In modern Protestant publications the role of women has been given greater acknowledgement than previously. Books like Claire Heath-White’s First Wives’ Club pays tribute to the sacrifices and strength of these women while promoting them to the next generation of young women.
Despite this, to date, scholarship surrounding the women of the Reformation has not given due credit to the role played by gender. In failing to do so these women have continuously and unfairly been compared to the men of the Reformation and found wanting. The women of the Reformation are still known first as being ‘wives and mothers’ before being understood and appreciated as Reformers in their own right.
It is important that this imbalance is addressed. The female experience of the Reformation was very different to that of men. Nunneries were disbanded, changing the social status of thousands of women; Bible’s were printed in the vernacular, allowing hundreds of literate women the chance to read and interpret the text for themselves; Protestant preachers married, creating a new type of ministry for women – the pastor's wife – providing a named role for women in the Church; even the way in which women involved themselves in the movement was dictated by their gender.
Firstly, as Marshall correctly stated, these women were not meant to involve themselves in religion on this level, especially when it came into contact with international politics. What is often not remembered today is that this was a position held by both Catholics and the Reformers. Therefore, unlike their male counterparts, female Reformers were met with obstacles from both the ‘opposition’ and those on their side. These obstacles ranged from vague disapproval to violent and abusive messages. Some, like Katharina Zell, were pushed out of the movement they helped pioneer when men began to view them as no longer essential, whilst others, like Marie Dentière, when silenced and labelled heretical by Catholic governments, found no support from their fellow Reformers.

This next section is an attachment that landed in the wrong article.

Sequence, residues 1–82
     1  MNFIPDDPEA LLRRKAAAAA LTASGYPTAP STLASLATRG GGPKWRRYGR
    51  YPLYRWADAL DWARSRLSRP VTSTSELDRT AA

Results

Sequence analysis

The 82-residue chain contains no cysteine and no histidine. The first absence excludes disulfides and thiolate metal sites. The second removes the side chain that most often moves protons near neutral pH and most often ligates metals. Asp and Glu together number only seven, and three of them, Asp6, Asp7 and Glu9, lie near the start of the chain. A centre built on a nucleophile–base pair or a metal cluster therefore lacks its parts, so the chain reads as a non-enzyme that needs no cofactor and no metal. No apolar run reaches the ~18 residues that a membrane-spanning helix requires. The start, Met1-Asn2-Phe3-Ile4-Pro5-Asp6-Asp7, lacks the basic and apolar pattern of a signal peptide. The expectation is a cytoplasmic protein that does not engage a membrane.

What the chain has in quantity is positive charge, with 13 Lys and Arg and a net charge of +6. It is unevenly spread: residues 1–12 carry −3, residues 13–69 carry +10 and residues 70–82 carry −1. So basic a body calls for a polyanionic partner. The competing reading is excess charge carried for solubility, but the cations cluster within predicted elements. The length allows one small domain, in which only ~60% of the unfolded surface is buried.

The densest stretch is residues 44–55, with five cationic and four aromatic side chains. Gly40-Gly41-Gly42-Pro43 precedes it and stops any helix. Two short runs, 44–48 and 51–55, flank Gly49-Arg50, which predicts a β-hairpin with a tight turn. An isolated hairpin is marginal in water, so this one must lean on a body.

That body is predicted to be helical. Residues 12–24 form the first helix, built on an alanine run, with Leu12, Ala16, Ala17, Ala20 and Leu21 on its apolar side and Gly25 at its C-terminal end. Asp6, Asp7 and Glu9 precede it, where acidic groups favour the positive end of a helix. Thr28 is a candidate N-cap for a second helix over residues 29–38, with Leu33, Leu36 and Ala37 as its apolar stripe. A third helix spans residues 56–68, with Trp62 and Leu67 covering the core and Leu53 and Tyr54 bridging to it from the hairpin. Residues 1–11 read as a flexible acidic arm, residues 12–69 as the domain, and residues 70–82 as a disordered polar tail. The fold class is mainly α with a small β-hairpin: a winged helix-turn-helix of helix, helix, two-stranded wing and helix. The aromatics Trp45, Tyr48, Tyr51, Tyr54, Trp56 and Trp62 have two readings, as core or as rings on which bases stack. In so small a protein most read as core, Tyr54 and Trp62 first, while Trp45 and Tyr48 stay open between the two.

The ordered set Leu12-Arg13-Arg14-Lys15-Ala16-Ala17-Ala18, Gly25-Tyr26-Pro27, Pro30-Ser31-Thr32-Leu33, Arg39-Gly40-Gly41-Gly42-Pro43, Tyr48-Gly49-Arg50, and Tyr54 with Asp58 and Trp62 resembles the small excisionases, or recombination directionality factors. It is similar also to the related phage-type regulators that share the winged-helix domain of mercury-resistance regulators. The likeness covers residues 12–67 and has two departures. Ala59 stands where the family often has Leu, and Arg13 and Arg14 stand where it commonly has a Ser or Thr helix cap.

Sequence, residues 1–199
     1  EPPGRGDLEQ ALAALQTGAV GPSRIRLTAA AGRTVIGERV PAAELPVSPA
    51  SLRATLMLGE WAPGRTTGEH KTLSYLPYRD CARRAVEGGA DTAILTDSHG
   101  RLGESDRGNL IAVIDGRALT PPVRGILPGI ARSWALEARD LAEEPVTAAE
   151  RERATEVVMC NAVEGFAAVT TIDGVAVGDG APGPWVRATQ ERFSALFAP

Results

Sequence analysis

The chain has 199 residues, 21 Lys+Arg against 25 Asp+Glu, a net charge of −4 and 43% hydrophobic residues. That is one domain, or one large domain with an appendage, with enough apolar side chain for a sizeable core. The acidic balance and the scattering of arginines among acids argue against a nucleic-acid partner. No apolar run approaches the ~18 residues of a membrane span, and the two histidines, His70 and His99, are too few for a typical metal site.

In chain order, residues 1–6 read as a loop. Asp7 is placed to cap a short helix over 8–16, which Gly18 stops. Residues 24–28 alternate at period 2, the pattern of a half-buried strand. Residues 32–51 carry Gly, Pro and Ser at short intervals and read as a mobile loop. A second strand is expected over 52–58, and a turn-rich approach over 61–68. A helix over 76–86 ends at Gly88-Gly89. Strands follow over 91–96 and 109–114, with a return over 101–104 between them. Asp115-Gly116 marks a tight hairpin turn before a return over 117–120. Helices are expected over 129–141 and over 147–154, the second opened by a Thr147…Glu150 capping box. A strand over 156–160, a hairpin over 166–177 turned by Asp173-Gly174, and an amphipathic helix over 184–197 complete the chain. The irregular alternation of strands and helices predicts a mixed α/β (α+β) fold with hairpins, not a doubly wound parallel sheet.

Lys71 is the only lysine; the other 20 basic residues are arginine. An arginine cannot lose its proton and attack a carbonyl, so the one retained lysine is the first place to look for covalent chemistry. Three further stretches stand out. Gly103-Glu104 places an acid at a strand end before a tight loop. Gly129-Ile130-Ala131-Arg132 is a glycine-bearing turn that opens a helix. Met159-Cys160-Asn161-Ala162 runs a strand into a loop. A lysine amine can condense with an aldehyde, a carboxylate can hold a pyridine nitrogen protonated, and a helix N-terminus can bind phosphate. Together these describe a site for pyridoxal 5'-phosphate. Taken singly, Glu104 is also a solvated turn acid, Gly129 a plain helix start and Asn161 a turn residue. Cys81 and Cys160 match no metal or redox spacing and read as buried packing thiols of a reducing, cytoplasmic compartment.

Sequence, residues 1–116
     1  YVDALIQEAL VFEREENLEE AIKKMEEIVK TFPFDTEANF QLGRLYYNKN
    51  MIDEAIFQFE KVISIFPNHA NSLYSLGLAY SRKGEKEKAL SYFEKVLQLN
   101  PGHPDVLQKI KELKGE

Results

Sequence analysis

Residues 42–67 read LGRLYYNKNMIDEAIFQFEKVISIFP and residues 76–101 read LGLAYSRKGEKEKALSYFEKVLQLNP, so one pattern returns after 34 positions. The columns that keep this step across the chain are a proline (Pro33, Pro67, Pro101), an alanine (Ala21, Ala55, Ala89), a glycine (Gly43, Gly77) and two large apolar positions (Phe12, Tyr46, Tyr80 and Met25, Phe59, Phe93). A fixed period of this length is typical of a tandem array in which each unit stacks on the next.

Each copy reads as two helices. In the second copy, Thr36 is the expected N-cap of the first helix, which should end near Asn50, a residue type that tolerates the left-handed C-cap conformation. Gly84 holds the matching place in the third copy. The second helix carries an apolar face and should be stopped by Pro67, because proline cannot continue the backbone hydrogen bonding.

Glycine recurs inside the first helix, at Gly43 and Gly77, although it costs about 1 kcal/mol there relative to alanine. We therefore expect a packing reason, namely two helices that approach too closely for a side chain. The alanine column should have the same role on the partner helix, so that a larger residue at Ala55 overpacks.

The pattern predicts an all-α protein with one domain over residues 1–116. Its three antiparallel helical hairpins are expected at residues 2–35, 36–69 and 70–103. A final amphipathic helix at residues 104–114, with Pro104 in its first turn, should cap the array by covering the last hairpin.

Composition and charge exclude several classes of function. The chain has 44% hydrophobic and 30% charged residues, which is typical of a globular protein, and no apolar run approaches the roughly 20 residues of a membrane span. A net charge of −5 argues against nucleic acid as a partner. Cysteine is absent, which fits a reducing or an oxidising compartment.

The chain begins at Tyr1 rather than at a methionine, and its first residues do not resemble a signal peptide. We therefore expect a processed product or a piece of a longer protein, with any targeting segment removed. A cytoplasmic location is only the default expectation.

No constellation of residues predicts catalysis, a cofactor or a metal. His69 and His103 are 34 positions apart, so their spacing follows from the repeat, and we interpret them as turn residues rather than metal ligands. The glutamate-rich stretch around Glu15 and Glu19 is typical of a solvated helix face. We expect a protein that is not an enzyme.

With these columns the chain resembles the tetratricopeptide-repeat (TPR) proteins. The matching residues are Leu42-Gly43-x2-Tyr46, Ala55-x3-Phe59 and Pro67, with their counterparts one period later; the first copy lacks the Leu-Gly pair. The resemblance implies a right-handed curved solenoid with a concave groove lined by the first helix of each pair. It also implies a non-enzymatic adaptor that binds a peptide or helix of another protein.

Secondly, what is not often appreciated by readers today is how vulnerable these women were. Many of the women we shall learn about were converts to ‘Protestantism’ living with and reliant upon their Catholic families. Regardless of nobility and ran, women remained dependent on the men in their lives thus many were punished for their beliefs in ways we cannot fully appreciate. Some were forced into Catholic marriages, separated from their children for decades and even removed from society, held almost captive in faraway estates. This physical and emotional domestic abuse needs to be recognised and appreciated by the Church today.